Pigweed (Amaranth)

General info

About Pigweed (Amaranth)

A member of the Amaranthus plant family, pigweed is a notorious weed that causes trouble when it gets started in pastures and fields, but problems with pigweed aren’t limited to agriculture. The stubborn weed is just as troublesome when it invades gardens and lawns.  

Identification and Growth Habits

Pigweed leaves are egg-shaped or oval and may be red-streaked or covered with fine hairs, depending on the species. Some types are upright but pigweed showing up in lawns is often in the form of low-growing mats. Spiky flowers bloom and produce seeds from mid-summer to autumn.

This plant is a summer annual that completes its entire lifecycle in a single year; but one plant leaves many thousands of seeds behind. The seeds can live in the soil for up to 40 years. 
 

Managing Pigweed

  • Take steps to deal with pigweed before the plants have an opportunity to bloom and set seed. Preventing production of seeds is an important means of control. 
  • Pigweed is relatively easy to pull when the plants are young and the soil is moist, although you may need a shovel to dig out the sturdy taproot. Never pull the plant while it’s blooming and going to seed; you can inadvertently help spread thousands of seeds that will pop up later.
  • Clean gardening equipment and tools after working with pigweed to prevent further spread. 
  • Post-emergent weed killers are effective when pigweed is less than 4 inches (10 cm.) tall. Read the label carefully to be sure the product is effective against pigweed, as the weed has become resistant to many herbicides. Apply herbicides at the proper time and at the recommended rate of application. 
     

About Pigweed (Amaranth)

A member of the Amaranthus plant family, pigweed is a notorious weed that causes trouble when it gets started in pastures and fields, but problems with pigweed aren’t limited to agriculture. The stubborn weed is just as troublesome when it invades gardens and lawns.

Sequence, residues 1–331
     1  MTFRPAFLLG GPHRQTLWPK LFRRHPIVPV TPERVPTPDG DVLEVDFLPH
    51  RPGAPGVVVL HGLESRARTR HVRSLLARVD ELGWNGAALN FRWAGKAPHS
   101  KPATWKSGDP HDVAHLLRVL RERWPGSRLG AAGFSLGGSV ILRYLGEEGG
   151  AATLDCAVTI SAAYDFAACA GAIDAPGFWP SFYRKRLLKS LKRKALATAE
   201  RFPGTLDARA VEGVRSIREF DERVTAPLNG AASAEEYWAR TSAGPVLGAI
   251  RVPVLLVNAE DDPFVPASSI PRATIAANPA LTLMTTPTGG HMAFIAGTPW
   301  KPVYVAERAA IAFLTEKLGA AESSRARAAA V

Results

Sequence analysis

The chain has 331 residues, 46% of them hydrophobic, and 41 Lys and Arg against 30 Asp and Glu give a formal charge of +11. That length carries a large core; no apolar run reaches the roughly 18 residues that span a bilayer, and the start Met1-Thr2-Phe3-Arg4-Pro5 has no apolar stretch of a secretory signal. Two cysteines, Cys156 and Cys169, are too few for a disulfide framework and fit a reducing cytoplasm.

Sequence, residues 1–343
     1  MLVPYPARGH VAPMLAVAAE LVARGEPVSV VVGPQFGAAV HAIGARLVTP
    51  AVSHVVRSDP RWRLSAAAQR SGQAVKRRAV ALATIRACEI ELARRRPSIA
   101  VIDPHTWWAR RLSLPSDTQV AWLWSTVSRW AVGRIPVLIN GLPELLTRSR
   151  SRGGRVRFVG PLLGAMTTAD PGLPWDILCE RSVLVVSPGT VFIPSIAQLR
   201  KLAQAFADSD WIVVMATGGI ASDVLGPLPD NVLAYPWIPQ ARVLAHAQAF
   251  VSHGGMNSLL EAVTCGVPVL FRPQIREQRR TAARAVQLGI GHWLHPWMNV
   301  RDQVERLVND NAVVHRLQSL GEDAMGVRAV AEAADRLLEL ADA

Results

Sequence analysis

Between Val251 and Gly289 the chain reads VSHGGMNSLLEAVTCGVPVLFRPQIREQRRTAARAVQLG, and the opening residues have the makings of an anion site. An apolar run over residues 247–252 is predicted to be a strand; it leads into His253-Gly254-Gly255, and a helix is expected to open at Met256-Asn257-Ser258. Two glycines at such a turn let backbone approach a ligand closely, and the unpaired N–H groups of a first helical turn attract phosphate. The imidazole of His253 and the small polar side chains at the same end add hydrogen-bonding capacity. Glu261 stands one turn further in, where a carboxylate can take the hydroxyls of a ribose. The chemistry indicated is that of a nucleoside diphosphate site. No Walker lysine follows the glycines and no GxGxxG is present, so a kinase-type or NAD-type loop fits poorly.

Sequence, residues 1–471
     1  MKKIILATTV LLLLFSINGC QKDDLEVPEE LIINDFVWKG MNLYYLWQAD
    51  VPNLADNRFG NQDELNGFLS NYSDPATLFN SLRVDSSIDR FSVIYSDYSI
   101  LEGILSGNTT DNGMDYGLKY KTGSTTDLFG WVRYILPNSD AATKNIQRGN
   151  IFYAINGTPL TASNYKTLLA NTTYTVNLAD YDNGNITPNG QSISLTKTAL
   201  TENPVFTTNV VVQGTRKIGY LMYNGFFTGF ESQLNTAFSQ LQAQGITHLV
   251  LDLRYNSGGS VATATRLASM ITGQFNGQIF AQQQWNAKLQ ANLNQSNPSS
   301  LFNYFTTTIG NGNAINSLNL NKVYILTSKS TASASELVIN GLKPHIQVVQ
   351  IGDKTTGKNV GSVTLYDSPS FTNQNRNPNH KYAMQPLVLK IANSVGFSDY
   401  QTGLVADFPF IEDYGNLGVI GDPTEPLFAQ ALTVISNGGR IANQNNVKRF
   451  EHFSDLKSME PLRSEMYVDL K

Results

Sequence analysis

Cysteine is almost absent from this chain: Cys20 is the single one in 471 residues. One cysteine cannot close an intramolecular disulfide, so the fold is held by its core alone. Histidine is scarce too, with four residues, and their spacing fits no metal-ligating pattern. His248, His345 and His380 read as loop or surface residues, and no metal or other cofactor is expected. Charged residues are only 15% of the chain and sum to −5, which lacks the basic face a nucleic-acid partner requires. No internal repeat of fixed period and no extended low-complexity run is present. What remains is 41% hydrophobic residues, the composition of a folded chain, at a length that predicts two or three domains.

Identification and Growth Habits

Pigweed leaves are egg-shaped or oval and may be red-streaked or covered with fine hairs, depending on the species. Some types are upright but pigweed showing up in lawns is often in the form of low-growing mats. Spiky flowers bloom and produce seeds from mid-summer to autumn.

This plant is a summer annual that completes its entire lifecycle in a single year; but one plant leaves many thousands of seeds behind. The seeds can live in the soil for up to 40 years. 
 

Managing Pigweed

  • Take steps to deal with pigweed before the plants have an opportunity to bloom and set seed. Preventing production of seeds is an important means of control. 
  • Pigweed is relatively easy to pull when the plants are young and the soil is moist, although you may need a shovel to dig out the sturdy taproot. Never pull the plant while it’s blooming and going to seed; you can inadvertently help spread thousands of seeds that will pop up later.
  • Clean gardening equipment and tools after working with pigweed to prevent further spread. 
  • Post-emergent weed killers are effective when pigweed is less than 4 inches (10 cm.) tall. Read the label carefully to be sure the product is effective against pigweed, as the weed has become resistant to many herbicides. Apply herbicides at the proper time and at the recommended rate of application.